Tuesday, July 28, 2015
Review: The Wrath and the Dawn by Renee Ahdieh
Title: The Wrath and the Dawn (The Wrath and the Dawn, #1)
Author: Renee Ahdieh
Rating: 4.5 Stars
Though I have long been a fan of the Arabian Nights, re-tellings of this classic have often fallen short of the sheer magic contained within the original. Whether it be Disney's re-imagining of Aladdin or even the numerous references to Ali Baba, Sinbad, and other stories that litter modern literature, there remains a uniqueness to the original Arabian Nights that cannot be matched. Whether that be the simple story-telling style that allows the reader to weave much of the magic into their own minds or whether it be the stories within the story that compel the reader to keep turning the page, I have not found its likeness yet.
The Wrath and the Dawn does not even pretend to try to compete with the Arabian Nights. Although it draws on the basic premise of the folklore we have come to know and love, it fills in the gaps we cannot see, introduces characters we never came to know as deeply, and manages to be a separate novel in its own right. It is not so much a re-telling as a novel that is inspired by the Arabian Nights and I prefer my re-tellings like this; two parts original with one part inspired. With this formula, I can see traces of the tales I already love woven together with a wholly new story that I am learning to fall in love with, page-by-page.
From the beginning itself, it is not difficult to become consumed by The Wrath and the Dawn. After all, the city of Khorasan is cursed with Khalid, a Caliph who marries a new woman every night, only to have her executed the next morning. As the women of the city perish and families grow to resent their new Caliph more and more, the beautiful Shahrzard is determined to exact her revenge. In volunteering to have herself become the next bride of the Caliph, she garners the suspicion of those within the castle and the fear of those outside. When she survives her first morning as Queen, and the second, and the third...that's when the whispers begin.
What I love about The Wrath and the Dawn is that it's filled with flawed characters whose passions rule them. Shahrzad, whose anger and grief must be avenged, defies her family and betrothed by marrying the Caliph. Her hatred for Khalid is glaringly obvious within the first few chapters but it is a naive, impetuous kind of anger. Neither Shahrzad nor the citizens of Khorasan understand why their Caliph is such a cruel, cruel man. Within the palace gates, Shahrzad can see that the deaths of his previous wives bring the Caliph no pleasure. Why, then, does he subject both his citizens and himself to such atrocities? Against her will, Shahrzad finds herself digging to find the man beneath the monster--and the reasons the monster had to be born in the first place. And, against her will, Shahrzard finds herself falling in love with a man who kills, and kills, and kills.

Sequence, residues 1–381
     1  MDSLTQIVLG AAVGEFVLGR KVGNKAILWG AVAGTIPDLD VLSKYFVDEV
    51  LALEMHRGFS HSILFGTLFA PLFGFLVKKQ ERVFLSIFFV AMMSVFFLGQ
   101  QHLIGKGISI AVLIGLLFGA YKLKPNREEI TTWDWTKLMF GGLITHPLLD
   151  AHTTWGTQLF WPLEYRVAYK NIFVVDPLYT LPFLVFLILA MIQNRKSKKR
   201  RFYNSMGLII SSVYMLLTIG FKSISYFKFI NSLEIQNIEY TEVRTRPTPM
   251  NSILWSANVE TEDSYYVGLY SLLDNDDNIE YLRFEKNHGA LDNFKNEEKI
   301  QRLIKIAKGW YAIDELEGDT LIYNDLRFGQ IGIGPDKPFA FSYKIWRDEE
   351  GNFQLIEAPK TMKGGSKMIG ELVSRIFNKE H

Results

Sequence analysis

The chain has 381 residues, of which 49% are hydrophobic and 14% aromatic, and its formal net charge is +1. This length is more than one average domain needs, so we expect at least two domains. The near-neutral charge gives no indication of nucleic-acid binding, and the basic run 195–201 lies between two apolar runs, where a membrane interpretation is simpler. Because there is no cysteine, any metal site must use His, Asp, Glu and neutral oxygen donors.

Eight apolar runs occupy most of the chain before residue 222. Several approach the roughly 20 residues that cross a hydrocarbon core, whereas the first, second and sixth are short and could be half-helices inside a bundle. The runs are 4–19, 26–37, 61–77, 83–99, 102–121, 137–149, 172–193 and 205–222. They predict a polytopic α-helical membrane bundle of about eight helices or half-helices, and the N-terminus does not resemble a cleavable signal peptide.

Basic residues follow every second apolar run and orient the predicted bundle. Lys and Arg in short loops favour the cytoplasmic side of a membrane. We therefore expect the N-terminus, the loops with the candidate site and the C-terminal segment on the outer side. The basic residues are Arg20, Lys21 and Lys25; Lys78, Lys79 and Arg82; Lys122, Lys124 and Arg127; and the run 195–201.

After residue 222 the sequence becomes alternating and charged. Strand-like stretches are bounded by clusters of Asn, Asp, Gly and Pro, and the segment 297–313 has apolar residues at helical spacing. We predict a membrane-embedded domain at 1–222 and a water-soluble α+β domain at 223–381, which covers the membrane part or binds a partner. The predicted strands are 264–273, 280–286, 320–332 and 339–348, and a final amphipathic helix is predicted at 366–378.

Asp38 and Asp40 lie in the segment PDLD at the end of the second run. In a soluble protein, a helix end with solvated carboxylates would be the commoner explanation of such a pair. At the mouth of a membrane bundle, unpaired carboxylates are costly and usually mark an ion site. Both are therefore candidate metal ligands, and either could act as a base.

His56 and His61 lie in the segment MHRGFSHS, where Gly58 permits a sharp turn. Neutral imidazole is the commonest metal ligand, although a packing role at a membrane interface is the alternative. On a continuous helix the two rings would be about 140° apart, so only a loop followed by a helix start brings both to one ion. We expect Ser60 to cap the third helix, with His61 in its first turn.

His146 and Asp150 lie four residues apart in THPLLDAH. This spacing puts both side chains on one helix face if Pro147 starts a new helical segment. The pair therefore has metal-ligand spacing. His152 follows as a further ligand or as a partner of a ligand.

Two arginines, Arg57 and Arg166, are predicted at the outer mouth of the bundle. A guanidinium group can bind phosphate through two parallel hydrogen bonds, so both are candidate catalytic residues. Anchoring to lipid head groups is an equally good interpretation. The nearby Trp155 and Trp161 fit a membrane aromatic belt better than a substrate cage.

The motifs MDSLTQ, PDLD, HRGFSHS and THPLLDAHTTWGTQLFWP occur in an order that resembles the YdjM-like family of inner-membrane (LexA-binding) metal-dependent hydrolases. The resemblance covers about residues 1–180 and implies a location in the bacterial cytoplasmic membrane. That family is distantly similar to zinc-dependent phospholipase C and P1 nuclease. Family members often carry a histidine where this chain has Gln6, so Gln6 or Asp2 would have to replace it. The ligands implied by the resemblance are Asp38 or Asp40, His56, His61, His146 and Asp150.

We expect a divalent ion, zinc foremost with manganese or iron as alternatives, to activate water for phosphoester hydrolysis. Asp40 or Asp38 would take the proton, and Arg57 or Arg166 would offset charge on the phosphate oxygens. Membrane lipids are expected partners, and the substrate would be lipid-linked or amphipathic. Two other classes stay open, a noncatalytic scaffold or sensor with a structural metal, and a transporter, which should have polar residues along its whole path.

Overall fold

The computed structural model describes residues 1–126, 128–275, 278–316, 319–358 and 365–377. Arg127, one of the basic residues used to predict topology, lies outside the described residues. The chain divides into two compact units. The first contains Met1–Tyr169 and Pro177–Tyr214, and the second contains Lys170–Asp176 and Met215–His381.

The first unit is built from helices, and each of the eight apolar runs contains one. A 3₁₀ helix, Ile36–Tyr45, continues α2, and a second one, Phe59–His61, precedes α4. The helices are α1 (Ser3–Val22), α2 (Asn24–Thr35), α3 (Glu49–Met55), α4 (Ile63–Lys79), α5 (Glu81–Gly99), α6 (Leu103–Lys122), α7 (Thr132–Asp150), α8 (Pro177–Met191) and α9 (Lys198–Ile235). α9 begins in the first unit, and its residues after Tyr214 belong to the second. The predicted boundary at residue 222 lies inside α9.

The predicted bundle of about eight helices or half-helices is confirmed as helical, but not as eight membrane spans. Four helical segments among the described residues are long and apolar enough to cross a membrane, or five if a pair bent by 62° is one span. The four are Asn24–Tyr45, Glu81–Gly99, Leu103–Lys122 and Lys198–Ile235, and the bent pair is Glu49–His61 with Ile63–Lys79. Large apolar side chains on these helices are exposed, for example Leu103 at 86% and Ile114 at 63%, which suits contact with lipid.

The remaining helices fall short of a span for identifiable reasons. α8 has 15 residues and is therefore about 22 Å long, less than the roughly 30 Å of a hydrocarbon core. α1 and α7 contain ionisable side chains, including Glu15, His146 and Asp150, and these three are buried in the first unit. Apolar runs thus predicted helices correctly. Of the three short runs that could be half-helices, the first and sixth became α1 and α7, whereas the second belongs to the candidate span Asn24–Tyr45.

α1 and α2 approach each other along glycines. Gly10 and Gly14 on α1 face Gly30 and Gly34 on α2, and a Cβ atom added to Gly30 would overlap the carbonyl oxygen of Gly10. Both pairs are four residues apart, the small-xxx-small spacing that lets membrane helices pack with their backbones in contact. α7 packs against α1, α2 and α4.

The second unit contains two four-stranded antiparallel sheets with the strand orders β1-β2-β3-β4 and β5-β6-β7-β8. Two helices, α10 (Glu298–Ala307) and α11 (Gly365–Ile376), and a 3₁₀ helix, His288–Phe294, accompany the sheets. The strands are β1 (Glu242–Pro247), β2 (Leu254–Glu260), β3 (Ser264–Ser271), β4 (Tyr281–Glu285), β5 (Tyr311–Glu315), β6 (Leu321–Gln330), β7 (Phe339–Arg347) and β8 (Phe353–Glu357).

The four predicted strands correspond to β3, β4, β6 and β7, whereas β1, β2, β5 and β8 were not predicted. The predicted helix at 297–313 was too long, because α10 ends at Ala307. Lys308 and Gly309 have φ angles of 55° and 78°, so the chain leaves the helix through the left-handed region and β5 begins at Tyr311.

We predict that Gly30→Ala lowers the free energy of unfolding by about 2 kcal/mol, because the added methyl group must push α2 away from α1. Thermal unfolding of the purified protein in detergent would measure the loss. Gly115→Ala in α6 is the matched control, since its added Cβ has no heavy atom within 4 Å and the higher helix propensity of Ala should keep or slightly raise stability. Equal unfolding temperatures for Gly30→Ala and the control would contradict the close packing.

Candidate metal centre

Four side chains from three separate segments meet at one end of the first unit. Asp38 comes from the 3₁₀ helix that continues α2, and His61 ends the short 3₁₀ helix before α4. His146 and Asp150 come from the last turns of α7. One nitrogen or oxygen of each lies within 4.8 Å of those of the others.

Shahrzad's initial anger, her fear at waking up every morning not knowing whether or not she will live, her curiosity, her inner battle between learning more about her husband and vowing to extract her revenge, and then her eventual feelings of love...all of them are so sharply felt. I picked up The Wrath and the Dawn and felt a plethora of emotions in such a manner that I hadn't felt before. Moreover, it is not only Shahrzad who compels and inspires; it is her husband, too. Much like Shahrzad, who seeks answers, we, too, cannot help but look for the humanity in Khalid. And as we get to know him better, Shahrzad's danger at losing her heart becomes a very real danger we face as well. After all, how can one ever justify falling for a murderer?
The Wrath and the Dawn is more than just the relationship between Shahrzad and Khalid, however. It features a host of secondary characters, many of whom Shahrzad befriends during her time at the palace as she tries to understand her husband better, and, furthermore, the novel harbors a political agenda that isn't obvious from the synopsis. The kingdom of Khorasan has its neighbors and its enemies, both within and without, and alongside the tumultuous emotions expressed by Shahrzad and Khalid are the slow rumblings of a different type of conflict altogether.
Ahdieh has written a near-perfect debut. I adore the complex characters and well-fleshed world she has created, not to mention the ending that leaves readers on the cusp of so much more to come. The Wrath and the Dawn is the perfect mixture of lore, romance, and originality with a sprinkling of politics and the promise of even better prose to come. I trust this story in her capable hands entirely and am already counting down the days until I can read its conclusion. Ahdieh's debut is among the few novels I've truly loved this past year and, if I'm to be perfectly honest, I am off to re-read it this very second. Just thinking about it for too long makes me want to re-visit these characters. If that isn't convincing enough about the quality of this novel, then I'm not quite sure what is.